Last week Science had a special issue on Dealing with Disasters with focus on the role of building or conserving resilience. The Tsunami disaster on 26 December 2005 clearly highlighted the vulnerability of coastal communities, and has triggered a global discussion on how to deal with increasingly severe natural and human induced catastrophes. Today humanity increase the risk for extreme events by simultaneously e.g. accelerating climate change, simplifying ecosystems, and concentrating human populations in coastal areas and cities.
In the special issue, Neil Adger and co-authors focus on coastal communities and explore their social-ecological resilience by looking at the diverse mechanisms they have developed for living with, and learning from, change and unexpected shocks. The authors also discuss the complexity of how resilience can be both increased and decreased through the same development. For example, global tourism increases the risk of infectious and vector borne diseases, but enhance resilience through the development of interlinked local communities, improved communications and the growth of national and international NGO network that link societies.
Allenby and Fink, highlights interesting aspects in relation to the resiliency of cities and network-centric organizations. They discuss the costs and opportunities with investing in resilience:
Some kinds of resiliency are primarily externalities, in that the protection gained provides almost no other benefits, whereas others are dual use and provide substantial economic benefits in addition to resiliency. For example, the communications systems provided to defense and national security organizations are commonly “hardened”; that is, additional technology provides protection against eavesdropping, destructive electromagnetic frequency pulses, and physical intrusion. This extra level of protection obviously adds cost to the system but not additional communications functionality (although the costs are presumably justified by the additional security obtained). In contrast, the creation of internal corporate intranets and support systems for virtual offices and telework capability, which diffuses information assets, can save firms money and make them more resilient against point attacks, as well as natural events such as epidemics.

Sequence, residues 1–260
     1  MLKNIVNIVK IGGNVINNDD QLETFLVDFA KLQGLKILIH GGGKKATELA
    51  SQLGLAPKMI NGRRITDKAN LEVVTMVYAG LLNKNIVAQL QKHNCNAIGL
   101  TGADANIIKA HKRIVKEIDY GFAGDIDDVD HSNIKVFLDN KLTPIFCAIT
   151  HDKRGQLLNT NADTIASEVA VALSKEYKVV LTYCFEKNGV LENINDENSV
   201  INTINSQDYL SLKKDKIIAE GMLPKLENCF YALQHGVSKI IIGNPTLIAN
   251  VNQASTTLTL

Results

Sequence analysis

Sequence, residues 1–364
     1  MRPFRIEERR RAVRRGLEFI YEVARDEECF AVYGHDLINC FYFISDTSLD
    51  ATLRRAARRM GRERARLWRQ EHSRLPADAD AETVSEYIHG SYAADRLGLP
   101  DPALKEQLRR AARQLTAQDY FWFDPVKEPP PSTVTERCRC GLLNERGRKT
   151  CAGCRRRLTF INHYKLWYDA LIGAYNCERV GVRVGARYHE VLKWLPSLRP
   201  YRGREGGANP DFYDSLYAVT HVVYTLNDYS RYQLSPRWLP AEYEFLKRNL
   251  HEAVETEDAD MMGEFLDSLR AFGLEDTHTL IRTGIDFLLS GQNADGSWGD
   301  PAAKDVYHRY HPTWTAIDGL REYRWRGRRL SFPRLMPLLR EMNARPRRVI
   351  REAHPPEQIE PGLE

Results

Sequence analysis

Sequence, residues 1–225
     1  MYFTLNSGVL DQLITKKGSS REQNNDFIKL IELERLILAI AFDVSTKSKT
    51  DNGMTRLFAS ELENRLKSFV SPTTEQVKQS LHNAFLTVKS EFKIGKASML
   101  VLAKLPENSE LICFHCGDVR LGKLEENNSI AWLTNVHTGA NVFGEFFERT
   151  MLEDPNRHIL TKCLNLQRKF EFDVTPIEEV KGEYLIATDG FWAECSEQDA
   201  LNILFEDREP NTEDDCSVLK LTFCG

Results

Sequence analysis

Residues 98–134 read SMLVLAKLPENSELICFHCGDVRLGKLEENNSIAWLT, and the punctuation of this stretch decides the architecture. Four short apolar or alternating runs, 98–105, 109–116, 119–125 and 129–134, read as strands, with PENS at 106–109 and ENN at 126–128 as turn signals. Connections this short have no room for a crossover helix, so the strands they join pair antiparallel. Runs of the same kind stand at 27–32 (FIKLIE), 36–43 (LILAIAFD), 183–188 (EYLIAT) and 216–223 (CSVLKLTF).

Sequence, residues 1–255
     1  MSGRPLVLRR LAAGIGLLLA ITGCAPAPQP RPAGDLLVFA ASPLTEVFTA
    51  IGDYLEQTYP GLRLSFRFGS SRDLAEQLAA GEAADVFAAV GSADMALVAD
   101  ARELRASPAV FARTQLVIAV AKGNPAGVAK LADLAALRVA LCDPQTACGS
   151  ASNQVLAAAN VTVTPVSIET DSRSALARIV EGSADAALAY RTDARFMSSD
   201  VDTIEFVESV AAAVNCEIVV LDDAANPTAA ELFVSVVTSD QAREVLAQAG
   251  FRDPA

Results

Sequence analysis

They also discuss the change in resilience from a more and more dispersed and decentralized working force.
From the perspective of a city, policies that encourage a strong teleworking capability in local firms are ideal dual-use systems: They provide resiliency against disaster or attack, but many important ancillary benefits as well. An urban system with a large number of potential teleworkers can encourage working from home on bad air quality days, or during blizzards or other emergency conditions, or when unanticipated upsets in the traffic networks result in congestion. Moreover, an urban environment that encourages teleworking also provides a higher quality of life; AT&T’s data indicate that 81% of its teleworkers name better balance between work and family as a substantial benefit of the practice. Additionally, some argue that by enabling people to work in their neighborhoods, telework can enhance a sense of community and neighborhood security.
In a world of decreasing capacity of ecosystems to provide the resilience for society, new ways of building adaptive capacity needs to be explored. Two papers in the special issue focus on the role of insurance mechanisms to cope mainly with weather related disasters. Mills discusses the role of insurance in a “climate of change”, while Linnerooth-Bayer et al. discusses how donors can refocus disaster aid to help poor people be prepared before disasters happen.
the purpose of refocusing disaster aid is not to replace it with unaffordable private insurance but rather to complement post-disaster humanitarian aid with pre-disaster support of risk-management programs that combine prevention and risk transfer
Figure from Mills paper showing declining insurance industry capacity to absorb weather-related natural disasters. Curves show ratio of global weather-related property losses to total property/casualty premiums over the past quarter-century, indexed to average 1980 levels.
After reading the papers, I can’t help but thinking that it is unfortunate that we live in a world where nature’s “insurance capacity” is being replaced at a high cost for society.
A question that might have a very expenisve answer is to what extent mechanisms like network-centered organisations, insurance and refocused disaster aid can help increase adaptive capacity of social-ecological systems when ecological resilience is decreasing.